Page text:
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-- OK okay.
You can do that -- the cutting edge of modern technology at Harvard features a robotic -- Developing what might be the first ever rubberized.
A flexible remote control device limber enough to wiggle through tight spaces.
And the possibilities my next guest says her analysts Bill Nye the Science Guy on bill good morning -- -- I'm good my voice is fine bill -- voice sounds great I I feel great I just sound like him and other 50%.
You say -- -- was not done sooner what are the benefits of this little.
-- thing here.
It would only think of robots you might think of science fiction movies where you got -- -- years.
The -- belts and so on -- but this thing has no hard parts.
So it gets its stiffness.
From air in this case and rebels say also just looking at it looks like you're humans operating it doesn't work like it's our program.
A computer program where they've worked out the details of timing at which -- there's -- front of -- -- but it works the same way.
That's fighters -- that's how spiders extend their appendages.
By pumping blood.
Into their legs and intending.
But this guy does it.
With air jet -- seven they're they're sending -- through this device and that's what gives with the movement.
Yeah -- so there's those tubes coming out detailed error or where air -- and then what looks like they've worked out.
Is this thing where it always -- the same way and it corals in sequence like I think there are a little.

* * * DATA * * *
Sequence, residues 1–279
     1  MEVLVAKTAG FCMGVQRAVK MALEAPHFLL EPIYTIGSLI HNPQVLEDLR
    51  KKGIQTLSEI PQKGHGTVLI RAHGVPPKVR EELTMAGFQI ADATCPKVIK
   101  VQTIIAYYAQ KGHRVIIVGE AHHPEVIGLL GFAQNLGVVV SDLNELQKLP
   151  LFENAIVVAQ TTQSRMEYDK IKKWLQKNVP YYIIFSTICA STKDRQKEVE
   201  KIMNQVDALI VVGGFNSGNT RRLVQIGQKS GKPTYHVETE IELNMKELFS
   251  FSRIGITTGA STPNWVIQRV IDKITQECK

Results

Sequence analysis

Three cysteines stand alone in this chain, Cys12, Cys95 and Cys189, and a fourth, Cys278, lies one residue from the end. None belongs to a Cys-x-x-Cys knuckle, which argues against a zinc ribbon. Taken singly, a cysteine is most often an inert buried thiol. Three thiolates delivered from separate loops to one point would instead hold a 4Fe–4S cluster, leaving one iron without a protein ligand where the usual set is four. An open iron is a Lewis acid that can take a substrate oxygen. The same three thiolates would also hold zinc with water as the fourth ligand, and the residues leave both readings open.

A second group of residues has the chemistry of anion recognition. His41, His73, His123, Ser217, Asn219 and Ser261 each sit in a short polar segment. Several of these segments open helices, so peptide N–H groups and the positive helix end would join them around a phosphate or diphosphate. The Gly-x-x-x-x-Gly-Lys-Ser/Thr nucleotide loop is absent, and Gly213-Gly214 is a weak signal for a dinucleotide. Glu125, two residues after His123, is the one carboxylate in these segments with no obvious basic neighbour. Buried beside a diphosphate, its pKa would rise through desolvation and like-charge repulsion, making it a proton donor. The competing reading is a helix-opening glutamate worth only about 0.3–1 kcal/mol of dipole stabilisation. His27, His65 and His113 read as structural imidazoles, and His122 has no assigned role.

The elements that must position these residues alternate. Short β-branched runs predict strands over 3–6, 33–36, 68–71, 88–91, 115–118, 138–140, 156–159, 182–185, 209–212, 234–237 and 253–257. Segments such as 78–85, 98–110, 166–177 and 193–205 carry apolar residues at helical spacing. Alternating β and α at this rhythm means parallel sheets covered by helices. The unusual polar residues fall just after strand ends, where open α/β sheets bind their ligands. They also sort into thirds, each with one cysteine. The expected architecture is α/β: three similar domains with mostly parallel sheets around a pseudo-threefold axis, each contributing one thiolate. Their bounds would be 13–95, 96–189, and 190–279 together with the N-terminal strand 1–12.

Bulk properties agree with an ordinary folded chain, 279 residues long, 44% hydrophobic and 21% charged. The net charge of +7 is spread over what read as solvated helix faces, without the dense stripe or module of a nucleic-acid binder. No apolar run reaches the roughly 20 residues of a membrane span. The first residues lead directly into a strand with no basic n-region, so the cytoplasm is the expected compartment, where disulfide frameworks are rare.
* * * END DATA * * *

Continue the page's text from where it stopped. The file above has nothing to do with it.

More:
Gaps are openings between each of the -- chambers and I wouldn't be surprised if it would have been manufactured by.
By so called a printing.
Or rapid prototyping I mean it's good -- I -- that's good moves down -- down the sidewalk but what you say the key here is that it's it's.
Operated by computer.
-- no I think I -- a significant.
-- will be one days and then you could programs such a thing to automatically find its way around corners.
Under doors you could look for people after earthquakes you could have manufacturing processes where you.
Want to -- things and hold them while you put the label on the bottle and so on without the drawback of of accidentally brushing them and so this is just the next step but I think the real key is -- two things.
Mass producing materials to have different -- is.
From front to back.
And that'll because controlling their roughness or -- Rossi and mature than the other thing is that computer programming that.
The softness is ourselves assault -- what what I think of a robotic device though I think about metal.
Or or or steel and that this is not that right -- this -- And so comments it's a gorgeous thing and so you you achieve stiffness with pressure.
It's as simple as not -- -- dutrow and last year at Harvard apparently well this is by the way.
I think it's good that's good way to go you guys they they -- off their engineering school.
I think in 2007 that's good and I remind everybody.
Of course have your babies grow up to be newscasters bill that's great.
What we've -- their business drove to be engineers.
And we mean he's -- I give Harvard a gold star thank you build literacy that was the dramatic.
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